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on 29 April 2017
Great book. Love this game and love the adaption from Otacon's perspective!
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on 5 June 2013
Metal Gear Solid 4: Guns of the Patriots by Project Itoh -- 5/5 stars

I was impressed, to say the least. I didn't have very high expectations for this novel, after my experience with the first two Metal Gear Solid novels. The first two novels weren't bad, by any means, but they read like very accurate representations of the first two games, and although I enjoyed those novels, they lacked a voice of their own, in my opinion.

This was different. From the outset the novel was a unique read. I enjoyed the explanations because I felt they did well to tie the first three Metal Gear Solid games in with this novel. The explanations acted as a bridge to understanding. However, a new reader to the Metal Gear series would probably be a bit flummoxed with the number of new characters introduced in this story, which could put them off.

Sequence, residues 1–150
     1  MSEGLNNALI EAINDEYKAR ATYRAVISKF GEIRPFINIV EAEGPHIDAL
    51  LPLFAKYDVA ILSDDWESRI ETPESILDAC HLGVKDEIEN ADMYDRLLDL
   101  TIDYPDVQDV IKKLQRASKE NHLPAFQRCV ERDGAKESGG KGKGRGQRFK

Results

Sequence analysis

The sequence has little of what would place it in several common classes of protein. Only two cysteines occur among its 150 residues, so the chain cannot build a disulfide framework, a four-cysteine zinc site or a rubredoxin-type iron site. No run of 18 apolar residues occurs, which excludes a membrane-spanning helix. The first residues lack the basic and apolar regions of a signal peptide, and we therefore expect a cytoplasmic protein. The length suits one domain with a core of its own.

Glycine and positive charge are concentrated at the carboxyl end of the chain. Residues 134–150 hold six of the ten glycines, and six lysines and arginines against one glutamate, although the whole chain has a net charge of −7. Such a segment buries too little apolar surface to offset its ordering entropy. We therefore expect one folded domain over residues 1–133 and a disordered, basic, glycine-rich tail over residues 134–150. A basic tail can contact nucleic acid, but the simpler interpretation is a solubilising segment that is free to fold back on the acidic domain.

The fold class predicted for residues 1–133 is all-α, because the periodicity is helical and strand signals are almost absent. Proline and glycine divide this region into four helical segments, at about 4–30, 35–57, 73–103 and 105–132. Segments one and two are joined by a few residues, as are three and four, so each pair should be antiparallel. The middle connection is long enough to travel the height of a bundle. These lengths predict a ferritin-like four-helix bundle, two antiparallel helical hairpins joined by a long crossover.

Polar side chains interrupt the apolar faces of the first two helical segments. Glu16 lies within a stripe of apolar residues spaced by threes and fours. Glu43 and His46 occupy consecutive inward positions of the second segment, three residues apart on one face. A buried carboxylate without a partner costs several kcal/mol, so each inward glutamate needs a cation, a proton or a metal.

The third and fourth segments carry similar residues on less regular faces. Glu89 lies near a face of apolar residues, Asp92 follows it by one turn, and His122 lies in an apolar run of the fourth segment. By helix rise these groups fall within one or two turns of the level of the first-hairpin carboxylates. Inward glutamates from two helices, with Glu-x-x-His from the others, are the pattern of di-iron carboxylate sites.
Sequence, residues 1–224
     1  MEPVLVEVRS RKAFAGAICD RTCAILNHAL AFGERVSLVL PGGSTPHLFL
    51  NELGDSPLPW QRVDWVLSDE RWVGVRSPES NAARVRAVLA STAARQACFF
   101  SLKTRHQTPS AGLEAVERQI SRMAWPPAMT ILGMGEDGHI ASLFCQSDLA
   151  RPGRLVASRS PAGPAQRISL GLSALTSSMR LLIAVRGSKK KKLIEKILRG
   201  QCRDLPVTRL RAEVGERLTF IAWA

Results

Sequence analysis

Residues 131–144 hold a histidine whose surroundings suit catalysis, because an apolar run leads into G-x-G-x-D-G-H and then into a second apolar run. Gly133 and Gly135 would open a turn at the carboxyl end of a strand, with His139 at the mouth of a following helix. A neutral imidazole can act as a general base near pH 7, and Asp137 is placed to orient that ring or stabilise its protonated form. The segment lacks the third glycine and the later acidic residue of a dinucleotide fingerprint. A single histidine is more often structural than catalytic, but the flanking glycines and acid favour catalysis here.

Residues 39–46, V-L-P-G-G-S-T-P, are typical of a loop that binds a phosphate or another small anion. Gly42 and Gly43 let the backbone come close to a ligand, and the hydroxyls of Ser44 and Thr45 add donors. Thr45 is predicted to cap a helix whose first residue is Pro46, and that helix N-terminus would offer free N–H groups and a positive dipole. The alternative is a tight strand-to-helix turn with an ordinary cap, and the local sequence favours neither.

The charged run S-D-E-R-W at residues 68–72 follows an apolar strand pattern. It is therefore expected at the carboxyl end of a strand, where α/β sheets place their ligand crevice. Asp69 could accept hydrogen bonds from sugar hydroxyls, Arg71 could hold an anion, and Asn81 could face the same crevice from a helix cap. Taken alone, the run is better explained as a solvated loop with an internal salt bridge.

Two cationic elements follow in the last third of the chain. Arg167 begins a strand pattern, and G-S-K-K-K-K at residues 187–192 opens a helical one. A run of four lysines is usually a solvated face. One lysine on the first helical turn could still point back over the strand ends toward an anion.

As I continued to read the story slowly unfolded. The action speeded up and there was more to make this story stand out, on its own merits. It had a voice, and a unique message to readers, which felt characteristic of the Metal Gear video games, and which I liked greatly.

The feeling at the end was of satisfaction. I have never played the Metal Gear Solid 4 videogame, but I felt this book answered the questions posed in all three previous games. The same feeling of elation and absorbing interest that I had experienced with those three games was mirrored in this novel. If you want to read a great Metal Gear novel then this is the one. If new readers can get used to the unfamiliar names in the first half of the book then they will probably be interested in the conclusion in this story, which is very interesting and well ... epic.

Metal Gear Solid: Guns of the Patriot
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on 17 July 2013